Finally, as Carlo already mentioned, do not convert existing MP3's to AAC. You are recompressing an already compressed file, which can only lower audio quality (especially at the already lower quality 128K compression level you have). If you decide on AAC for your new files, there is no reason you cannot have a mixture of MP3 and AAC files in iTunes and on your iPod.
 

JohnRice

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I also go with mp3 for best compatibility. I have always found iTunes to do excellent mp3 conversions though. After screwing around with it for years, I finally settled on just converting everything to 256KB. Storage is so cheap, it didn't end up being worthwhile using higher compression. Then I just swap out stuff periodically. Plus, I store a lot of them on CDs and you can still get about 6.5 hours worth on a disc.
 

MarkHastings

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John Mil, since you mentioned an iPod, you'd be wise to stick with AAC over MP3. The quality improvements are worth it. You can always re-rip at a later date if you ever get rid of your iPod, or want to play the songs on a device that doesn't support AAC's.
 

MarkHastings

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Yeah, he's using iTunes, so AAC is better than MP3.

Plus, no matter how much the two sound similar, AAC is MP4 and MP3 is MP1 tecnology.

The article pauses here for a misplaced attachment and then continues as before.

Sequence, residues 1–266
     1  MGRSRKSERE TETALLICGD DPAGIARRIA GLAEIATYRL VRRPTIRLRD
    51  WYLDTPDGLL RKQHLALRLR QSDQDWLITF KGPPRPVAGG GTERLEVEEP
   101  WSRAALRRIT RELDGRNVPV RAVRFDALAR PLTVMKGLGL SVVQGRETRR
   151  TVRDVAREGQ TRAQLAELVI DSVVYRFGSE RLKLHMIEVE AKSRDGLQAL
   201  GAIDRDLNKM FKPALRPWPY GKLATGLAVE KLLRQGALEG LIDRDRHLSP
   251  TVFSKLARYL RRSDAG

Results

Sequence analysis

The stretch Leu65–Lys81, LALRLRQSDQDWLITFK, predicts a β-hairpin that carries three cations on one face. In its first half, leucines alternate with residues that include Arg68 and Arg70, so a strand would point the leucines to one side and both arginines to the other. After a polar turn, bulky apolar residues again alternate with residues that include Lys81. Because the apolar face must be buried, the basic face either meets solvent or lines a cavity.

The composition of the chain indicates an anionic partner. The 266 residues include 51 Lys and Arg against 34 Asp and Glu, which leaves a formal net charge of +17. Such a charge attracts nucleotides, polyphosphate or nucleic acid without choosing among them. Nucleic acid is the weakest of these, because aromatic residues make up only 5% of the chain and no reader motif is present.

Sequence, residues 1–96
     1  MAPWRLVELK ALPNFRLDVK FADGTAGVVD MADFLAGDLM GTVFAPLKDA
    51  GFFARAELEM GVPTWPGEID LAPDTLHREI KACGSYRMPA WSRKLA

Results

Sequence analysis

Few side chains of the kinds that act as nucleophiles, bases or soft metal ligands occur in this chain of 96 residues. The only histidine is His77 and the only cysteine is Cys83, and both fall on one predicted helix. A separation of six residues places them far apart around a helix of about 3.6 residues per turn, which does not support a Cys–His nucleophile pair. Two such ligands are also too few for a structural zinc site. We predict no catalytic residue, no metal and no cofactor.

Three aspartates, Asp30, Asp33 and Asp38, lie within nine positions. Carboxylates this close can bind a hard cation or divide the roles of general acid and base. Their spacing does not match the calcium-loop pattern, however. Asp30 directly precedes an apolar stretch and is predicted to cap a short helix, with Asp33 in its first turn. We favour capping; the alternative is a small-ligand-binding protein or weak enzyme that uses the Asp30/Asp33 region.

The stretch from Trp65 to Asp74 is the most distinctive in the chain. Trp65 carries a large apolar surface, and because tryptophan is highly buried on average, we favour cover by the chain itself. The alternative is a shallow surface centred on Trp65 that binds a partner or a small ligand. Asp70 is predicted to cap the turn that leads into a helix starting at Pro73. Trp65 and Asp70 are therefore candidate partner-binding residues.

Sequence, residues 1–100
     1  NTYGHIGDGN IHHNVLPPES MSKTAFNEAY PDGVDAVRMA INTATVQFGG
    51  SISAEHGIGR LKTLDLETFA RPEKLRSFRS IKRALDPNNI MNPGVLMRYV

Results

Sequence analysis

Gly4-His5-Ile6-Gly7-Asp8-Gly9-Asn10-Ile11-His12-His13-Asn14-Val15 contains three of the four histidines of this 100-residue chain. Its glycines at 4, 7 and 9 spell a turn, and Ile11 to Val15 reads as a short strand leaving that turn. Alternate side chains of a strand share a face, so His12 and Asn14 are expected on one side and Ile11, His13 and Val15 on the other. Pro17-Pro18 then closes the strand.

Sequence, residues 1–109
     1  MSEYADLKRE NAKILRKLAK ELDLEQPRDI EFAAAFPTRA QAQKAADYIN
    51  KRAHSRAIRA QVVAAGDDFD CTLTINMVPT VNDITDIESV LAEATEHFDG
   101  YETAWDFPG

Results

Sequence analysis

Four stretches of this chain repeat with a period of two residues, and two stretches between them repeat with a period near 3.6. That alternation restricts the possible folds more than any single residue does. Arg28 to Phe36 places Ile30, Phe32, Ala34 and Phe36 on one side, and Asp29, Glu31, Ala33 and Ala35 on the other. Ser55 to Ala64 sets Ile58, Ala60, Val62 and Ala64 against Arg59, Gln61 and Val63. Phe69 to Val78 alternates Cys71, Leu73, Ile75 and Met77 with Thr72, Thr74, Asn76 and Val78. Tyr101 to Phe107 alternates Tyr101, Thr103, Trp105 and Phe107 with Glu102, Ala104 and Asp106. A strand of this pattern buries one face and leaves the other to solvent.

Scott Merryfield

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I'd re-word that to "more convenient" and "simpler" instead of "better". As long as the music will only be used in a iTunes/iPod environment, AAC is an excellent format. However, if there is a desire to play the music on other devices, AAC may not be supported.

Getting better quality MP3's into iTunes using EAC+LAME definitely requires more steps and is more cumbersome than encoding directly within iTunes. The results, though, should be music files with comparable quality to AAC files of the same bitrate.

So, which format is "better" depends on the individual person's requirements -- essentially simplicity vs. compatibility.
 

Carlo Medina

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Fully agree Scott. Since I am an Apple user (Mac, iPod, etc.) I find keeping things in AAC to be easiest.

I could easily hear differences between original files vs. MP3 (non LAME/EAC) up to around 192kbps (back when I blind tested this I believe that was the highest bit rate available, this was a few years ago). But when I blind-tested myself w/ AAC bit rates at 192/256/320/original file, I couldn't tell the differences between the files. That sold me on the AAC quality. I do understand at higher bit rates, and using the technique you describe, you get similar results from MP3s. For me though, the one-stop convenience for AAC + my Apple products made it a no-brainer. And yes, though it's not fully compatible with other devices, Apple does have, what a 70-80% market share on portable audio devices? Almost all of my friends have an iPod (dear God even my father has one) so I haven't run into the compatibility issue.

Good luck to the OP, whatever you choose to do!
 

Ken Chan

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It should be about half, give or take. That's decent, but obviously not as good as the lossy compression schemes. For comparison, uncompressed CD is about 1400 kbps.

Supposedly, it has been reverse-engineered, so there is a free decoder in FFmpeg/libavcodec